Insellers Article: Kesowa — Simplifying Drones

Today, we have with us Prayush Poddar, the Chief Marketing Officer, of an upcoming drone tech startup called Kesowa. Founded by Vinayak Malhotra, Vrint Poddar and Prayush Poddar Kesowa is a modern drone tech startup that wants to deliver the seamless experience to its customers, catering to commercial business, Kesowa aims that one can fly a drone for a specific operations be it surveillance, data capture or transportation in one click

Read ahead to know more about Kesowa!

Insellers — What’s the story behind the name — Kesowa

Kesowa — We shortlisted about seven names when we started out and one of those names was Keshava. Keshava is a very powerful name; it is the embodiment of Lord Vishnu in all the three avatars. Unfortunately, when we went to the registrar, the name Keshava was already taken so we had to look for alternatives. Post this we started looking at what Keshava means in different languages and we found out that in Japanese, Kesowa means lightness from darkness and that’s when the name clicked and we decided to go ahead with it.

Insellers — When was Kesowa founded? Moreover, why did Kesowa move from being an LLP to a company?

Kesowa — We founded the LLP around September 2019 and converted it into a company recently in September 2020. There are multiple reasons why we shifted from LLP to a company but it was majorly because a company makes it more easily acceptable to investors than LLP.

Insellers — When you started this company, why did you decide on such a niche market? How did you decide that this is the business that we want to do?

Kesowa — When we started, we wrote down a dozen ideas. Then it took us about six months to cut off ideas. And after 6 months drones were what made sense to all of us. The issue with any start-up in the aviation sector is that it requires a lot of patience, unlike e-commerce where you spend some time writing code and later spend some money in marketing, drone tech requires a lot of R&D, and as all of us were young it seemed like a perfect match. We think the aviation space needs patient capital and patient people and we found ourselves with those exact skills. Above all we believe that we chose this idea because we were comfortable doing it.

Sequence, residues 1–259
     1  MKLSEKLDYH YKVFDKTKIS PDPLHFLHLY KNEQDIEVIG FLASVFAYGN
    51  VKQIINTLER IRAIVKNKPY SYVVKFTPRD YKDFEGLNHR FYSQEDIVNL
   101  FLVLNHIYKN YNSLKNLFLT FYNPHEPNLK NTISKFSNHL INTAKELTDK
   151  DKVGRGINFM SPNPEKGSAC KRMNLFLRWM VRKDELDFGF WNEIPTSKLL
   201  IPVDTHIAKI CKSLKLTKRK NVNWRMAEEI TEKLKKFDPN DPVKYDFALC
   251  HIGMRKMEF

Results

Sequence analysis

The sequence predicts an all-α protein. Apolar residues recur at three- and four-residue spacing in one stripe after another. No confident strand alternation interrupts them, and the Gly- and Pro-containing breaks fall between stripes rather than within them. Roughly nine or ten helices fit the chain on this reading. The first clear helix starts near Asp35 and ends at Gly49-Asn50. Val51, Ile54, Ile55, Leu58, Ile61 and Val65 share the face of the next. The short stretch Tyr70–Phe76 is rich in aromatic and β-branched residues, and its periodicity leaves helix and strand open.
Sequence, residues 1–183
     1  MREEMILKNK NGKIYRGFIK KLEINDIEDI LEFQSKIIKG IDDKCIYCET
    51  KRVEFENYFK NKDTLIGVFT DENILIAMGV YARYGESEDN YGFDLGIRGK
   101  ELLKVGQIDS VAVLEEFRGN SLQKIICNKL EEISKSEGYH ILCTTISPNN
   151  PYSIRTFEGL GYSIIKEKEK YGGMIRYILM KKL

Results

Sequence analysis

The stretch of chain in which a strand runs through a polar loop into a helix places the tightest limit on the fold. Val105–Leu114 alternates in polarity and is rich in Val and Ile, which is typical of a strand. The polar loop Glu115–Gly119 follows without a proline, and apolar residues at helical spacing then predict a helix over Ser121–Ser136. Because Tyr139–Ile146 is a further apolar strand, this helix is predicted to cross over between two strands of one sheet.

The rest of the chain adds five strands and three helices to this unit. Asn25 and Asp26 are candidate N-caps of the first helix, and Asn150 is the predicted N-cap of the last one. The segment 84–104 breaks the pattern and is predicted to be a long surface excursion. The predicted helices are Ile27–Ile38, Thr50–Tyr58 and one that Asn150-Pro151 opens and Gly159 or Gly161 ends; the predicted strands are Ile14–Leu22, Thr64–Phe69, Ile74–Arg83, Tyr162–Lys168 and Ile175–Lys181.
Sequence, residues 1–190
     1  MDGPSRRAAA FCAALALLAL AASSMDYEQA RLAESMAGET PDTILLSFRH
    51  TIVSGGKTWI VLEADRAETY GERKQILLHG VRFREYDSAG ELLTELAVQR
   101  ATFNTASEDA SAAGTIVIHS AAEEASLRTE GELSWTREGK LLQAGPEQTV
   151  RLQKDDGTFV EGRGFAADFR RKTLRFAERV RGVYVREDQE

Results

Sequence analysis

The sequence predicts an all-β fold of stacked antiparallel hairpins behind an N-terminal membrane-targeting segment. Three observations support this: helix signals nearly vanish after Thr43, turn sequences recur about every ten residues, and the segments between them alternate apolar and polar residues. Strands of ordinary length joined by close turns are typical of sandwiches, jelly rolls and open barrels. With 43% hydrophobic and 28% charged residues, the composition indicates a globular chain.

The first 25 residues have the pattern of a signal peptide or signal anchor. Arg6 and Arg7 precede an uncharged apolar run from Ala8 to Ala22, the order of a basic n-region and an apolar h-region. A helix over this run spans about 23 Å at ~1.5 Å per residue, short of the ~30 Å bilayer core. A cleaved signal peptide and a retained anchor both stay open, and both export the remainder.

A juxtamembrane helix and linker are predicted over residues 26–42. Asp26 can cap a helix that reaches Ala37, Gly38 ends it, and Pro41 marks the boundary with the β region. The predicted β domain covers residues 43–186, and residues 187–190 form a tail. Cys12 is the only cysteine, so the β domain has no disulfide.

Insellers — What is your target audience? Moreover, why choose East India to set up your shop?

Kesowa — Right now, we are in the stage where we are trying to build out an MVP. Moreover, we chose Calcutta solely for the reason that we saw this geography as having the most headroom for growth in east India. However eastern Indian customers are not very pro-tech, compared to the west, and people have criticized us for setting up shop in Calcutta. Nevertheless, we are very happy because all the customers here are very excited about tech. They want to adopt new tech and dialogue is easier than west actually. So right now, we are focusing on building out case studies in East India.

Insellers — Moving on to the competition part. So do you have any local competition? On the other hand, is there a competition that is already in the sector for some time and has grown to a decent size?